Trust Departments: Can You Trust Them?

If you’re the beneficiary of a trust, you may not be a happy camper. And it’s easy to appreciate why.

Over the years, bank mergers have swallowed up many hometown banks, which have left plenty of beneficiaries talking with trust officers thousands of miles away. In fact, the concept of a personal trust officer has become endangered. A beneficiary who contacts a faraway call center may talk to someone different every time he or she calls. Many trust officers are now expected to assume roles that look more like salesmen as the pressures to attract more trust assets grow.  In this environment, managing existing trusts become less important than trolling for new trust accounts.

Living with an irrevocable trust can be especially frustrating if the document’s provisions do not permit the ability to switch a corporate trustee, whether it be a bank, trust company or some other financial institution. Without this safety hatch, beneficiaries too often find themselves stuck with an unresponsive trust department.

While you may think you can avoid problems for your loved ones by picking a stellar financial institution to serve as a trust’s repository, experts suggest that this won’t necessarily insure that the assets are managed wisely. That’s certainly been the experience of W. Scott Simon, who is an attorney and the author of The Prudent Investor Act:  A Guide to Understanding. After serving as an expert witness in trust fights involving two of the nation’s largest and most respected trust companies, he said was amazed at the “moronic” lapses he uncovered.  The trust companies did a poor job of diversifying the trust portfolios and and he uncovered  no semblance of any sort of fiduciary process. No one, for instance, had bothered to develop investment policy statements for the trusts, which is an absolutely critical document that lays the groundwork for how a trust will be managed.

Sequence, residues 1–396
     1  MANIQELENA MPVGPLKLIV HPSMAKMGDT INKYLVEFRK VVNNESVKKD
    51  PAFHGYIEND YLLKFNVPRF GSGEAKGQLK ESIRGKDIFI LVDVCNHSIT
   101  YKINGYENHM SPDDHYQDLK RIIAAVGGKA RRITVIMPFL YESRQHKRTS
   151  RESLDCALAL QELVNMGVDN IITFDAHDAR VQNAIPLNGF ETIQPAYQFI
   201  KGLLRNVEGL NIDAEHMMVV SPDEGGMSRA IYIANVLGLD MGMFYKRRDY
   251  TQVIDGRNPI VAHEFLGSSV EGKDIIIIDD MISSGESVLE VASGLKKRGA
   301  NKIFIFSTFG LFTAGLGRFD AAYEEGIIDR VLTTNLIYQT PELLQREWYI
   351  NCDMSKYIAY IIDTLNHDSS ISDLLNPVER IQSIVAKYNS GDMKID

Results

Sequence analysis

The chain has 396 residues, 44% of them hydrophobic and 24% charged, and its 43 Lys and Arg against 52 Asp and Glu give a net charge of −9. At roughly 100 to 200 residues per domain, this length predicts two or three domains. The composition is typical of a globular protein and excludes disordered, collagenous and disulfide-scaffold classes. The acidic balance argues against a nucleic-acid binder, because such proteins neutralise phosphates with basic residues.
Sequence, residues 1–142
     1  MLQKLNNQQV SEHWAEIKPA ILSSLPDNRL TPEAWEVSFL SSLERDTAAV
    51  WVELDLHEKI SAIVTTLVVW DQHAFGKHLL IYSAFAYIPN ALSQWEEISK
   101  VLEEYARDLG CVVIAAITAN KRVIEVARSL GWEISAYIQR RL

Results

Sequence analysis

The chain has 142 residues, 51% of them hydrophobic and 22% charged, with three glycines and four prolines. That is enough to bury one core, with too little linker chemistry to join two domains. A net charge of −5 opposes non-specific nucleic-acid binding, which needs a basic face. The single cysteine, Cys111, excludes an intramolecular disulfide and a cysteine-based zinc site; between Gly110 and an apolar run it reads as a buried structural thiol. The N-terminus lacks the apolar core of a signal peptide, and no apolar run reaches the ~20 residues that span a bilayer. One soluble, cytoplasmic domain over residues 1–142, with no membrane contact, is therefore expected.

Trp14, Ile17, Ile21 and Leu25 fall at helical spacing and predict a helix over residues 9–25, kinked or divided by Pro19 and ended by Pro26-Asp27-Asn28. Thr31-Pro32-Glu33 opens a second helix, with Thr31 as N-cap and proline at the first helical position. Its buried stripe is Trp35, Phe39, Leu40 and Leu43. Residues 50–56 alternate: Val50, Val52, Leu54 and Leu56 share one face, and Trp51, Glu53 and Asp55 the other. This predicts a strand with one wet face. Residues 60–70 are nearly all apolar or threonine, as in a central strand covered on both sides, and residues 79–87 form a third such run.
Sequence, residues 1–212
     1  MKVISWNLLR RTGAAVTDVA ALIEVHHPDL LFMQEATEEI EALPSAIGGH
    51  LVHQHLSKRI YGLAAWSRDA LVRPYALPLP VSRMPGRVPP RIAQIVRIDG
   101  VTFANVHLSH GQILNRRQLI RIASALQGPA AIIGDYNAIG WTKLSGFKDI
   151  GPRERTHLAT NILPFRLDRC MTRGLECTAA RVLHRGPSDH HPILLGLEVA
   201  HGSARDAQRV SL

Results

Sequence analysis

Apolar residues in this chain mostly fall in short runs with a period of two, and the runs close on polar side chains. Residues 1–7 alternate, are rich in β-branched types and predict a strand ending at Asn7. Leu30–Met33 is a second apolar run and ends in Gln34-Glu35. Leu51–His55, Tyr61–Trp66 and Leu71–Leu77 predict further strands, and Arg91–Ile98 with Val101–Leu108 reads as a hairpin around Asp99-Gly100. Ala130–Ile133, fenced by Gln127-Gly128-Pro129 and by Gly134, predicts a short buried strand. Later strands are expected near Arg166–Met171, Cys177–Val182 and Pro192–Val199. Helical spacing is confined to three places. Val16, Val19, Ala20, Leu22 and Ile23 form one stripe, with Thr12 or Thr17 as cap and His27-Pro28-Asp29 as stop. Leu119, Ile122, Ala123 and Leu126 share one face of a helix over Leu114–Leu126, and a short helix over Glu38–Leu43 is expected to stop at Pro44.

“If the big boys aren’t leading the pack and getting up to snuff, you can see that it hasn’t filtered down,” says Simon, who is principal of Prudent Investor Advisors, LLC in Camarillo, CA.

Even though a trust account may seem as portable as Mount Rushmore, it makes sense to learn as much as you can about how the cash, real estate or other trust assets are managed, as well as what fees are being charged. Next week, you’ll explore what your options are — beyond simply tolerating poor trust services.

Here’s some things to look for:

Follow the money. If you don’t know how a bank is investing trust money, find out. Don’t be surprised if the cash is tucked inside the bank’s own mediocre retail mutual funds. “Proprietary mutual funds are much more expensive and while you can’t say they are all terrible, they certainly aren’t on top of the heap,” suggests Standish Smith, the founder of Heirs Inc. in Villanova, PA, which is a non-profit organization that promotes trust and estate reform. It’s better when trusts are invested in low-cost index funds, individual portfolios of stocks and bonds or in traditional common trust funds, which are managed by banks for the exclusive use of trust customers.